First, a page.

‘Treating the book as a bunker may shortchange its potential to engage with the world’, writes Leah Price in her latest book What We Talk About When We Talk About Books.
Price is referring to the widespread notion of books as objects of solitary and sedentary reading – the kind of reading seen to be undercut by digital technology. She is also referring, of course, to printed books.
Reading a book as a bunker is the opposite of reading a website, or an ebook from a device with a live connection. Reading a printed book is seen as closed and ring-fenced, while all other types of reading are open. Closed means focused, open – distracted.
Price’s observation goes to the heart of what the printed book does and to its historical impact on the age before it, the age of the handwritten book, the chirographic age (basically all the history of writing down to Gutenberg).
Writing is closure. The (sc)roll of papyrus is closure. The codex is closure. The page is closure. Print is closure. To write is to foreclose all the possibilities of speech and the fluidity of communication and expression by coagulating them into the permanence of writing – on stone, wood, papyrus, parchment, paper. The history of writing is the desire for permanance, for undelibility, for closure.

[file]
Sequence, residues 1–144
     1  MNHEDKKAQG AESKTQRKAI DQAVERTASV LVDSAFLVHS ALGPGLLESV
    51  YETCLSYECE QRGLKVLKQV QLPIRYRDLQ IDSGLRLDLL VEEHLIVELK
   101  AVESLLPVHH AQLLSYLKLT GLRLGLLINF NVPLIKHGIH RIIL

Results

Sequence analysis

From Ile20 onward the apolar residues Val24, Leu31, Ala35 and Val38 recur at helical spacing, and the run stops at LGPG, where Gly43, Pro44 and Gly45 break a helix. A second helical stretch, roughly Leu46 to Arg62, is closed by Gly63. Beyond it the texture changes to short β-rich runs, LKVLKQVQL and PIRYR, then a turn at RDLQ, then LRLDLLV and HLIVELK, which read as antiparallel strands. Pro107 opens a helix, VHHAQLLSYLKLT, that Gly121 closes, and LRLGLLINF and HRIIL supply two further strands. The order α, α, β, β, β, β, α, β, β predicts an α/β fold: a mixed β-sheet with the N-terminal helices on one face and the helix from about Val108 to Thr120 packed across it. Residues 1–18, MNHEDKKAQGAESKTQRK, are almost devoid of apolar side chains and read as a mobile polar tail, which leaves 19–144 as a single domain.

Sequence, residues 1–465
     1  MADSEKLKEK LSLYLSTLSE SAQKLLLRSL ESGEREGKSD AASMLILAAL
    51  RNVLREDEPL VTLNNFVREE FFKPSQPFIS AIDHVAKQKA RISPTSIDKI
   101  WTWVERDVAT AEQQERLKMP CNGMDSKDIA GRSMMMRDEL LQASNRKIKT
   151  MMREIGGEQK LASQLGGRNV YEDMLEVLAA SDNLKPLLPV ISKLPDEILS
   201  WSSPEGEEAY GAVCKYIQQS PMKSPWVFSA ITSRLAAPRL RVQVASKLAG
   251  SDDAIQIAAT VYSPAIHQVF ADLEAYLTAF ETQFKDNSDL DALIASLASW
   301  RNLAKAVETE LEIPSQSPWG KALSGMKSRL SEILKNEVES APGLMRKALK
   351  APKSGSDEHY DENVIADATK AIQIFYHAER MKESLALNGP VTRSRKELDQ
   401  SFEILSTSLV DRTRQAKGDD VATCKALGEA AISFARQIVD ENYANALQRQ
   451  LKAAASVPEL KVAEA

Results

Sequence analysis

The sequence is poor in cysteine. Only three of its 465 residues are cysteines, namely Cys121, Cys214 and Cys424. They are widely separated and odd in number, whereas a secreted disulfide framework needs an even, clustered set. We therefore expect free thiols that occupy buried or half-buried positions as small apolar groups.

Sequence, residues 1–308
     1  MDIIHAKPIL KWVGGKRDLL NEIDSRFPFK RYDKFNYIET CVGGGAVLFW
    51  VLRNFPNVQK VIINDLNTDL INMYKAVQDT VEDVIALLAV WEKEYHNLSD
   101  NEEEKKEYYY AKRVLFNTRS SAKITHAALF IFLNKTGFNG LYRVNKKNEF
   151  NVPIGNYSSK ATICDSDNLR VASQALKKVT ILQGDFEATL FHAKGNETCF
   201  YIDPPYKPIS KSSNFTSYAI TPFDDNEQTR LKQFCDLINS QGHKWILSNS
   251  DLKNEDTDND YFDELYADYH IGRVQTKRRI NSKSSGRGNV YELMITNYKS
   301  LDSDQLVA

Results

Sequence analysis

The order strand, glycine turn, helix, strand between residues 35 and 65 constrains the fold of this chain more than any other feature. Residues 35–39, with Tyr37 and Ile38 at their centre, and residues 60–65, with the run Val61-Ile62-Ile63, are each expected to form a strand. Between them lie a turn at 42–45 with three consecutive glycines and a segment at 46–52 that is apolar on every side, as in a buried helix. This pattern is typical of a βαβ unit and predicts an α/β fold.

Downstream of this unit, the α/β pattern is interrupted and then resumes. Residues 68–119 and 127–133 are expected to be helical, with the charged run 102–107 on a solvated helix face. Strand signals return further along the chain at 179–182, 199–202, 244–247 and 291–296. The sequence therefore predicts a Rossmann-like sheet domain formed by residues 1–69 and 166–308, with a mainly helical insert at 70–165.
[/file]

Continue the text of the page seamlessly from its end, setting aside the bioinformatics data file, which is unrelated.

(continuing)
The scroll coils the text into closure, locking text behind layers of access: you can’t get to one section of the scroll unless you unroll the rest.
The codex covers the text within covers and binds it fast in its binding. The vocabulary of the bound book is one hesitating between protection and incarceration. The history of the codex moves from indeterminacy to careful replication: the ideal copyist resolves itself in the printing press.
Print is the culmination of closure. Mechanical reproduction, typographic alignment (justified text), rules and convention about everything from spelling to style, foster a climate of enclosure.
The culture of the printed book is a bunker, compared to oral and manuscript cultures. Reading a printed book corrolates with what print did to preexisting cultures: it isolates the reader from the world just as writing isolates the text from the spoken word.
One is reminded however, of that cartoon of the little girl who, while reading, is transported to another world. The bunker may be the only time machine we’ll ever get. Closure may be the antechamber to the open plains of imagination.
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